Small body blood clots are formed unexpectedly. Obstruction of blood vessels occurs, the most affected being those of the brain, heart and kidneys.
As a result, red blood cells are compromised as they pass through partially closed blood vessels. The organs can also be damaged.
Possible causes include certain medications (such as quinine, cyclosporine and mitomycin C), pregnancy and autoimmune disorders.
In other locations, coagulation causes changes in heart rate, blood when urinating and abdominal pain.
What is the difference between PTT and hemolytic-uremic syndrome?
Like PTT, hemolytic-uremic syndrome (HUS) also causes blood clots in body locations. However, HUS is more common in children. The initial signs include vomiting and diarrhea (followed by blood or not).
In this case, white blood cells are damaged when they pass through blocked blood vessels. There may also be damage to the renal canal, which directly affects blood urea levels, leading to renal failure.
Non-thrombocytopenic purpura are those in which there is no reduction in the levels of platelets in the body.
Rheumatoid or Schönlein-Henoch (PHS) purpura, as it is also known, develops more in children (between 3 and 15 years old) than in adults.
It is estimated that for children the risk of having PHS is between 1 in 6,660 and 1 in 4,880, while in adults the probability is 1 in 1 million annually.
Inflammation is more recurrent in the skin, but it can affect the intestinal and renal blood vessels.
Its cause is unknown, but it may be related to the loss of function of immunoglobulin A (IgA) in blood vessels, such as arterioles (regulate blood pressure and route blood to capillaries), capillaries (responsible for the transport of blood) and venules (do oxygen-poor blood from the capillaries to the veins).
Other factors, such as bacteria, drugs, food and insect bites, can be identified as precursors to the disease.
The patches disappear on their own gradually after 4 weeks, but can return at least once. In 80% of cases, they don’t even appear again.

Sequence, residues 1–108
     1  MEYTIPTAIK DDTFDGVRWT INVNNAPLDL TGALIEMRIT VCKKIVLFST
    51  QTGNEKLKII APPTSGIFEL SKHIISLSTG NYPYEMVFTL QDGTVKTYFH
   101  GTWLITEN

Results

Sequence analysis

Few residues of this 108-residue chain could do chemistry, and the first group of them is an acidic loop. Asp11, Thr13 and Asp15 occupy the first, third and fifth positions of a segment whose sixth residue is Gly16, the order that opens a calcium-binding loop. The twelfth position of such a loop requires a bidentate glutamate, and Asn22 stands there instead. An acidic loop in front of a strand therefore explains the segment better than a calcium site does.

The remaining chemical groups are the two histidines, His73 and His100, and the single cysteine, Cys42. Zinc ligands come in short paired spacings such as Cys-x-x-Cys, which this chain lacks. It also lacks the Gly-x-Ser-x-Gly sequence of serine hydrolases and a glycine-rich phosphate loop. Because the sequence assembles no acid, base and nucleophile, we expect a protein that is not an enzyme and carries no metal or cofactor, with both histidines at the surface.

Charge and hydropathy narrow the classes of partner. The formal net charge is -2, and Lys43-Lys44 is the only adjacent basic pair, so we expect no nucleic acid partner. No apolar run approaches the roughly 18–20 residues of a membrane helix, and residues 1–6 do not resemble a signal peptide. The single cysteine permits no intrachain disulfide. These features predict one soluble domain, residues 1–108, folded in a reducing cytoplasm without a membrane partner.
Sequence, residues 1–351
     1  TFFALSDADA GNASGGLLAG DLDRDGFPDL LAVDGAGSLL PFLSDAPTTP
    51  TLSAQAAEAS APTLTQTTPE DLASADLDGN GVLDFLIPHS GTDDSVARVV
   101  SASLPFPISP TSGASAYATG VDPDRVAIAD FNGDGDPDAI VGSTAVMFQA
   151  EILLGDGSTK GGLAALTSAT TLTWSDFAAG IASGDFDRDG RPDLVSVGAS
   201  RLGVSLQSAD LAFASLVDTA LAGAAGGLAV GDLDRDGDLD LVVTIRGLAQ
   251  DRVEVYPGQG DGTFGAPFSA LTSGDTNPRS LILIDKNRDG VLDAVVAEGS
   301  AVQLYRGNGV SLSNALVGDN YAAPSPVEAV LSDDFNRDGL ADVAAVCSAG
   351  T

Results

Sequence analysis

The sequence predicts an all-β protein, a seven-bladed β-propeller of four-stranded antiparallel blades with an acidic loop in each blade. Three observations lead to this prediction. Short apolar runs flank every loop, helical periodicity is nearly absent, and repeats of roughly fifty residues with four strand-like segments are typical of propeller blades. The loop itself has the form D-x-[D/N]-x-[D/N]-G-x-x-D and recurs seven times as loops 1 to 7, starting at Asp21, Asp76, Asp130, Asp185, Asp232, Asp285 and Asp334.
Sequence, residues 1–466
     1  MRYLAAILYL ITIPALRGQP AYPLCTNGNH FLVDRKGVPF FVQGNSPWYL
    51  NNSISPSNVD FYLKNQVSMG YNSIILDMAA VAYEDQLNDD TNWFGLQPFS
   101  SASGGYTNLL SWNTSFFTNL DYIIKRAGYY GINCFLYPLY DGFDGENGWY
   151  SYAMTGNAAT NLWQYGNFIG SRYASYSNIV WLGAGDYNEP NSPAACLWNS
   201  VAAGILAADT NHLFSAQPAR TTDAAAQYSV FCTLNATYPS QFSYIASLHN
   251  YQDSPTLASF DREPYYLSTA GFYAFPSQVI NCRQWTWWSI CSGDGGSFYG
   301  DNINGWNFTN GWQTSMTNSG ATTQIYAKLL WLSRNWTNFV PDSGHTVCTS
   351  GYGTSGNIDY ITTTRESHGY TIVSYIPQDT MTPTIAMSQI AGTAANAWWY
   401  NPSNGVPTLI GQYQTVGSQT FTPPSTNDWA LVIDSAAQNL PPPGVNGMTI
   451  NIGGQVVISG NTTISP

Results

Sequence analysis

Purple can appear on the legs and buttocks. In adults, the condition is worsened, as the lesions are made up of necrotic or hemorrhagic blisters.
It particularly affects newborns as a result of insufficient clotting proteins . The spots may become black due to cell necrosis at the site.
Simple purple can be defined by the high number of bruises, which in turn, cause vascular fragility. This type appears on the thighs, buttocks or upper arms.
Despite a common condition, its origin is unknown. However, it can be related both to a group of disorders and to some modification in a normal mechanism.
Being a woman, having family cases, having low body mass, using corticosteroids in advance and high exposure to sunlight can increase the chances of having the problem.
However, it is not possible to prevent purple. Discontinuation of aspirin may be recommended, but there is no indication that the condition appears or has its condition aggravated due to the use of the medicine.
When the diagnosis is made, the results of the examinations of the number of platelets and their function, blood coagulation and fibrin are configured as normal.
Because it is a mild and uncomplicated condition, simple purple does not need treatment.
Recurrent in the elderly, senile purple creates ecchymosis, formed from the degeneration of the skin and blood vessels. The body regions most affected are hands and forearms.
The lesions disappear for a few days and may change their color to brown. Discoloration may become clearer over weeks, months or be permanent. There is no risk of the severity of this condition.
Purpura may be related to the rupture of capillaries (a phenomenon known as “capillary fragility”), problems with blood clotting or the use of some types of medication.
The rupture of capillaries is perceived in simple purple, caused by lesions on the skin or mucous membranes.
In specific situations, the circumstances that led to the appearance of purple are unknown. However, in general, capillary weakening is caused by allergic, hormonal, behavioral conditions, heredity, aging and lack of vitamin C in the body.
Allergic people have an intolerance to certain substances considered normal for others. The components that trigger the body’s defense reactions are called allergens , generating sensitivity that is often excessive.
The person may suffer from inflammation, irritation and swelling of the skin, which can culminate in the rupture of blood vessels and cause bleeding.